July 18, 2006
@ 05:12 PM

Yesterday, I spent way too much time trying to figure out how to import an OPML feed list into Bloglines from the UI before giving up and performing a Web search to find out the how to do it. Below is a screenshot of the key choices one has for managing ones feeds in Bloglines.

And this is what the Bloglines FAQ has in response to the question How Can I Import An Existing List of Subscriptions?

Once you have registered with Bloglines and replied to the confirmation email, click on the My Feeds tab at the top of the screen. Then, click on the Edit link. At the bottom of the left panel will be a link to import subscriptions. The subscription list must be in OPML format.
Why is importing a feed list an 'Edit' operation and not an 'Add'? Who designs this crud?


Tuesday, July 18, 2006 7:34:38 PM (GMT Daylight Time, UTC+01:00)
I believe the chap was last seen suggesting that a button labelled 'start' was a good place to put the shutdown option. ;). You did ask.
Tuesday, July 18, 2006 7:45:36 PM (GMT Daylight Time, UTC+01:00)
Seems like that in Ross' world Windows is only a few years old :)

Anyway, Newsgator Online has some similar UI "glitches": it took me a lot of time to find a way to add a feed or import an OPML; with a little help from the help it was damn easy. But why do I need to consult the help for the most vital part of the service?
Tuesday, July 18, 2006 8:15:38 PM (GMT Daylight Time, UTC+01:00)
Björn I was just being a smart-alec, but I expect there is just a good a reason for putting under 'edit' as 'add'. You are after all editing your subscription list ... although Add does seem the common sense place to put it.
Tuesday, July 18, 2006 10:41:38 PM (GMT Daylight Time, UTC+01:00)
I had the same difficulty finding this option. To me, "Import/Export" is logically separate and distinct from CRUD.
Wednesday, July 19, 2006 10:06:48 AM (GMT Daylight Time, UTC+01:00)

>> but I expect there is just a good a reason for putting under 'edit' as 'add'[*]. You are after all editing your subscription list ... although Add does seem the common sense place to put it.[**] <<

re: * > Point taken, but theres also a reason why logic and usability are in separate domains of CS. Just because something can be reasoned through, and therefore logically placed within a UI management link hierarchy doesn't mean that the user is therefore wrong if he/she doesn't find any logic in the chosen link hierarchy.

Usability is a science in and of itself. A lot of well reasoned thought has gone into a lot of coulda/shoulda/woulda been great products, "if only those damn customers weren't so stupid!" ;)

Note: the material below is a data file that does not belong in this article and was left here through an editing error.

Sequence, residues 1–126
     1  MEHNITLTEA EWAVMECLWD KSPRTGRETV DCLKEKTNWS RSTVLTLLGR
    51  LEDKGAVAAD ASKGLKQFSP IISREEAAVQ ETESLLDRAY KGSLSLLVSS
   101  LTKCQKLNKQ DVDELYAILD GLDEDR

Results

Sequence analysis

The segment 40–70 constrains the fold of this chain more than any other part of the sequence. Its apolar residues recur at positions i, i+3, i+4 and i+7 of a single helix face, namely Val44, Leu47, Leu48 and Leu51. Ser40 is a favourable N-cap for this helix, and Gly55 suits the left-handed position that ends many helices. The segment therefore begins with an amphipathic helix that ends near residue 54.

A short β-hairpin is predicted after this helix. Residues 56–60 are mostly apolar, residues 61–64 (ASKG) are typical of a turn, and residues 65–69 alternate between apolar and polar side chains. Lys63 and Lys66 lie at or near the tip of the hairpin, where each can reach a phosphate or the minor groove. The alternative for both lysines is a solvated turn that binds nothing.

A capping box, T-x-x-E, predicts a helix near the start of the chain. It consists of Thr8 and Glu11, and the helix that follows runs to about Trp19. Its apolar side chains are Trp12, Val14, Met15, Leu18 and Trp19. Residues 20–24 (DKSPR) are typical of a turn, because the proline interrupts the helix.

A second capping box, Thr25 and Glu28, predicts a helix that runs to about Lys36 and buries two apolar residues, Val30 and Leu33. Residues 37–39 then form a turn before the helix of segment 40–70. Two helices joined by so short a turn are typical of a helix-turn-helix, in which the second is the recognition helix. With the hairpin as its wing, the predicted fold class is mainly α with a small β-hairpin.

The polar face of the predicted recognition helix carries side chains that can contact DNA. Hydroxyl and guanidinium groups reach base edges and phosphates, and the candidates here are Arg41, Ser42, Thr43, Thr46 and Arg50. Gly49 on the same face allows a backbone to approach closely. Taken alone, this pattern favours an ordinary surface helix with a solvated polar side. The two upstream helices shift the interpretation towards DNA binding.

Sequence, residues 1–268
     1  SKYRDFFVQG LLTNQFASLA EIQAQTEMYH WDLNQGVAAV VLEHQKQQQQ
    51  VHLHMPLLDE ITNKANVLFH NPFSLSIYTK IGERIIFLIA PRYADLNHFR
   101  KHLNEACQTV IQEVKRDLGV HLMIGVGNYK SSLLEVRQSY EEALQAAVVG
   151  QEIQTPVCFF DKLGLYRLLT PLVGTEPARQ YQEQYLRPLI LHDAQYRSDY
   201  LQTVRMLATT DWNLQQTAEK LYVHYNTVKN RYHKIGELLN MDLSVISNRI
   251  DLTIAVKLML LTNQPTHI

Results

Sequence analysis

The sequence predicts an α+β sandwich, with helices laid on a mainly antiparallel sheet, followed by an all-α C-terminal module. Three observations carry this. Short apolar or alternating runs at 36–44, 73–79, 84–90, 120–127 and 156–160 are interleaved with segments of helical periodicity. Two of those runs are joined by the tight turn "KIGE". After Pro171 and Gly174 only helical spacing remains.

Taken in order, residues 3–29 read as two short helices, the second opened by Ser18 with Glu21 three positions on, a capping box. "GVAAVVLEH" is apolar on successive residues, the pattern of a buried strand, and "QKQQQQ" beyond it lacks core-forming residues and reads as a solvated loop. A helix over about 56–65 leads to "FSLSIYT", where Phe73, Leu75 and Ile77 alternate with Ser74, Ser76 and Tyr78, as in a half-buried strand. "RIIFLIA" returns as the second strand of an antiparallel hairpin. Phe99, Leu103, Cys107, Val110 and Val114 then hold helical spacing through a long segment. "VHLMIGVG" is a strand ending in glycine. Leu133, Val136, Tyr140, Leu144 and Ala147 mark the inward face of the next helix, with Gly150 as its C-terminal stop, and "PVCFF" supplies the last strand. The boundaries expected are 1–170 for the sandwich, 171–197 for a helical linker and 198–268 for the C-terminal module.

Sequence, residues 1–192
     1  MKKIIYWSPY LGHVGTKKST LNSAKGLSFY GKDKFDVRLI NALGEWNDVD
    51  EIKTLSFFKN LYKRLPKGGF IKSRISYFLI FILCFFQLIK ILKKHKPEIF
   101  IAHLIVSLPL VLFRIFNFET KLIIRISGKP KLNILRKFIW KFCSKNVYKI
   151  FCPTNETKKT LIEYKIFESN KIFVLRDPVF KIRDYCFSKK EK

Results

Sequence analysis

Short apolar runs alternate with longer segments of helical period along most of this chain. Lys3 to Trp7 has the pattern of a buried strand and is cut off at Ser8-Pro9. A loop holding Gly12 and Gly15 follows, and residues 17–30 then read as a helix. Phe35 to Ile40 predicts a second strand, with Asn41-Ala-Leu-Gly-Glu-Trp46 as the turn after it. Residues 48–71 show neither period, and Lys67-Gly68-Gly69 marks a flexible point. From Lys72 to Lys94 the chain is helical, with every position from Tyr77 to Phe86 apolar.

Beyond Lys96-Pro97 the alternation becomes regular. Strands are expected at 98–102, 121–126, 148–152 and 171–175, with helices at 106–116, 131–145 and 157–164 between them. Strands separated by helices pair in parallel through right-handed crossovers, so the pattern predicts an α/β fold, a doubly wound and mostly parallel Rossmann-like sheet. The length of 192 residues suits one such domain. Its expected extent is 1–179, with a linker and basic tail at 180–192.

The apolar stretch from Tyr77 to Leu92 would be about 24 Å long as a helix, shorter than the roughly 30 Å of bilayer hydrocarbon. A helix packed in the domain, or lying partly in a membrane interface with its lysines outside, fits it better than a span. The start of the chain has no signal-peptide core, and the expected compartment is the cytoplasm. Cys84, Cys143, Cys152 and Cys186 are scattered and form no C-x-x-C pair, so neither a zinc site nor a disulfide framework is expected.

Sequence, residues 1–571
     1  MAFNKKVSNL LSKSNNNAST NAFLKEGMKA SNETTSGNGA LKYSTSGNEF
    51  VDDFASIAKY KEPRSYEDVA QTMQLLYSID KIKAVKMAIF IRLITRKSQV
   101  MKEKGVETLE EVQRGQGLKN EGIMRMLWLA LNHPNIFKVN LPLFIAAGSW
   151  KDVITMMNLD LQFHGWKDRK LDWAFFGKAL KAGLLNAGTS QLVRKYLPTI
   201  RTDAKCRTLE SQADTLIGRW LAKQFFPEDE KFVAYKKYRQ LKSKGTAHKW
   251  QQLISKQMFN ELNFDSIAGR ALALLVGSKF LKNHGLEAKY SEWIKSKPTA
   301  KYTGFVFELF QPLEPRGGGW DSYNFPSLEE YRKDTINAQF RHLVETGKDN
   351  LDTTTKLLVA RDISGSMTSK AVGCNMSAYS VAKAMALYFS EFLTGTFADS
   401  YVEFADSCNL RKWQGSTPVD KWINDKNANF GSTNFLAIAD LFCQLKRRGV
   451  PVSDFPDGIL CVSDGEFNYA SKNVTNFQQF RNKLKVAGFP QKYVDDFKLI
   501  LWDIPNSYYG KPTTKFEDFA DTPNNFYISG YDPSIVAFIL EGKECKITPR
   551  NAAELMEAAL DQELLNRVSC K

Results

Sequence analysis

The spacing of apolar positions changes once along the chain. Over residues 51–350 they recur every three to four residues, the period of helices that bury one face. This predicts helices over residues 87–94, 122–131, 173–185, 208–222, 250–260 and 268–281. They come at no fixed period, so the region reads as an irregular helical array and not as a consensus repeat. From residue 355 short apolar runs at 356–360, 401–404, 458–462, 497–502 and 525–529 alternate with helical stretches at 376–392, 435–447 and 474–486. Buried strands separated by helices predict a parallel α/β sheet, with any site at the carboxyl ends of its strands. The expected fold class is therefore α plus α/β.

re: ** > As would "Manage Your Subscriptions", as would "...", etc...

The problem with using a single verb at the top level of any given (request > response: (refresh, load, reload)) menu heirarchy to describe any given action, is that you have limited yourself to the action acting as not just the verb, but the noun as well, as you have to guess,

"If I want to management my subscription list, do I select 'edit' so I can (feed: (add, import(uri, list(opml, html), feed: delete)) to my existing list, or 'add' so I can (add, import(uri, list(opml, html)) to my existing list"

to then wait for the (response: (refresh, load, reload)) to find out if I made the right choice. It's frustrating enough to have to 'back' your way out of a choice, to then select from another verb to see if this time around you get lucky. Add to this internet latency and you've got yourself a significant usability issue.

Top level verbs work fine in instant response menuing systems such as your standard menu bar options, as selecting 'Edit' provides an immediate response mechanism that doesn't get in the way of standard decision flow logic. But even this is dependent upon the object in focus (e.g. a document in which you want to directly perform edit-related actions upon.) If the object I want to perform actions upon is currently out of focus, the selecting an 'immediatte action' verb such as 'Edit' doesn't always make the most logical sense to the end user. For example, open a specific component to perform a higher level management operation on an out of focus object such as 'Tools' > 'Code Snippets Manager...' to open a new control container that contains various components for managing/selecting a desired code snippet.
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